Nasal carriage of sequence type 22 MRSA and livestock-associated ST398 clones in Tangier, Morocco

  • Nadira Mourabit Faculté des Sciences et Techniques, Tangier, Morocco
  • Abdelhay Arakrak Faculté des Sciences et Techniques, Tangier, Morocco
  • Mohammed Bakkali Faculté des Sciences et Techniques, Tangier, Morocco
  • Amin Laglaoui Faculté des Sciences et Techniques, Tangier, Morocco

Abstract

Introduction: This study aimed to provide data of Staphylococcus aureus and methicillin-resistant Staphylococcus aureus (MRSA) nasal carriage as well as to determine the genetic lineages of this circulating MRSA in the Tangier community.


Methodology:  Between 2012 and 2013 two subpopulations consisting of randomly chosen healthy volunteers and outpatients in 11 healthcare facilities were screened. The antibiotic resistance phenotype was determined by disk diffusion. Toxin Panton-Valentin Leukocidin (PVL), toxic shock syndrome toxin-1 gene (tst), and mecA were detected by polymerase chain reaction (PCR). Nasal swabs were obtained from persons with no identified risk factors for MRSA acquisition. MRSA molecular typing was performed by pulsed-field gel electrophoresis (PFGE), staphylococcal chromosomal cassette mec, and Staphylococcus protein A (spa) typing.


Results: A total of400 subjects (33.3%) were nasally colonized with S. aureus, and 17 (1.4%) were nasal carriers of MRSA. The analysis did not identify age, gender, and the two subpopulations as predictors for MRSA colonization. MRSA were more likely to harbor the tst gene (p < 0.05). This work highlighted a low prevalence of nasal MRSA carriage, with 52.94% belonging to sequence type (ST) ST22. The remaining isolates were distributed as singletons (ST8, ST1, and ST398), whereas approximately one-third of MRSA was not identified, including three novel spa-types (t13247, t13248, and t13249).


Conclusions: Although we highlighted the current clones present in the Tangier community, they are limited in space and time. Therefore, further studies would be required to obtain a comprehensive picture of the dissemination of MRSA in the community, hospital, and livestock.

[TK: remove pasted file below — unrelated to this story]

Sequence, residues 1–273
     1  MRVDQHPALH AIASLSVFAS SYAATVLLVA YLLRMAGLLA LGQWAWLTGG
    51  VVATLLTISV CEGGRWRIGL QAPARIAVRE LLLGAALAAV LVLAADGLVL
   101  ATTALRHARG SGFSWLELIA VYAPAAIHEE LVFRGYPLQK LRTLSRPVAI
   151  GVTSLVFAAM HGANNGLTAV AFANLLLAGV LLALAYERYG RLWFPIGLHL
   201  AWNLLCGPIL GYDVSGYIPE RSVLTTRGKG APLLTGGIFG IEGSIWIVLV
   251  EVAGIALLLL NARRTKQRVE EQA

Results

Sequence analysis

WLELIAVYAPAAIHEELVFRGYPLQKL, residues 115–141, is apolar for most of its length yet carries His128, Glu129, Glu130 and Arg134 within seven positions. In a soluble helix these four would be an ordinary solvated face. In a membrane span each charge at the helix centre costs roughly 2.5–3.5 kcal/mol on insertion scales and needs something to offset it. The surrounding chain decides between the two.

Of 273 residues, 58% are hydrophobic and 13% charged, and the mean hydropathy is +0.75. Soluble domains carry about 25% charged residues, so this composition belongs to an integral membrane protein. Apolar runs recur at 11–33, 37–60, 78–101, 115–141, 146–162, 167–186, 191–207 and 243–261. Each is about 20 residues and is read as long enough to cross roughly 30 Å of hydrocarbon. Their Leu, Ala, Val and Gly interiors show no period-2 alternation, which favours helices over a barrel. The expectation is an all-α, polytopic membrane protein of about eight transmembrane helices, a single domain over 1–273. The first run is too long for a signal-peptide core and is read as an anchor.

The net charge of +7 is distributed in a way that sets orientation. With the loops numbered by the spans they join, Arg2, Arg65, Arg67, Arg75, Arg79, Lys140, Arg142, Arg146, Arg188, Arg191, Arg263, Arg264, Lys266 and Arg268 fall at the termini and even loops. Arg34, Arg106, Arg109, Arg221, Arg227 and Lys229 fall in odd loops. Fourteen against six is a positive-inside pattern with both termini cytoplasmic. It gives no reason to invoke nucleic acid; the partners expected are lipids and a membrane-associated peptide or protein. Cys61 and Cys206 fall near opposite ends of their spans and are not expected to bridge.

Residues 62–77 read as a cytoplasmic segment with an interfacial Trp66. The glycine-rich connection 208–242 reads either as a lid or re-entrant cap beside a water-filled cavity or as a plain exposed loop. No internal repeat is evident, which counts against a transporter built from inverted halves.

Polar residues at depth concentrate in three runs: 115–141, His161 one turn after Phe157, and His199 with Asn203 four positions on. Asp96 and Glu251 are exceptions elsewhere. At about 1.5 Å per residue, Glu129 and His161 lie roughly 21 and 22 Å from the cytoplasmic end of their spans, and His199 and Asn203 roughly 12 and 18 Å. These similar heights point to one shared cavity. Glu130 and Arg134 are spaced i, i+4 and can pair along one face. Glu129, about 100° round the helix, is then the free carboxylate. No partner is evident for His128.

Author Biographies

Nadira Mourabit, Faculté des Sciences et Techniques, Tangier, Morocco

PhD student  in Faculté des Sciences et Techniques of Tangier,

Medical Assistant in Laboratory of Microbiology, Mohamed V Regional Hospital, Tangier,

 

Abdelhay Arakrak, Faculté des Sciences et Techniques, Tangier, Morocco

Professor in Faculté des Sciences et Techniques of Tangier; Équipe de Recherche en Biotechnologies & Génie des Biomolécules: ERBGB, Axe Microbiologie et Biologie Moléculaire, Faculté des Sciences et Techniques of Tangier

 

Mohammed Bakkali, Faculté des Sciences et Techniques, Tangier, Morocco

Professor in Faculté des Sciences et Techniques of Tangier; Équipe de Recherche en Biotechnologies & Génie des Biomolécules: ERBGB, Axe Microbiologie et Biologie Moléculaire, Faculté des Sciences et Techniques of Tangier

Amin Laglaoui, Faculté des Sciences et Techniques, Tangier, Morocco

Professor in Faculté des Sciences et Techniques of Tangier; Équipe de Recherche en Biotechnologies & Génie des Biomolécules: ERBGB, Axe Microbiologie et Biologie Moléculaire, Faculté des Sciences et Techniques of Tangier

Published
2017-07-31
How to Cite
Mourabit N, Arakrak A, Bakkali M, Laglaoui A (2017) Nasal carriage of sequence type 22 MRSA and livestock-associated ST398 clones in Tangier, Morocco. The Journal Of Infection In Developing Countries 11 (07): 536-542. https://doi.org/10.3855/jidc.9235
Section
Original Articles

Keywords

Staphylococcus aureus; Nasal carriage; MRSA; ST22; ST398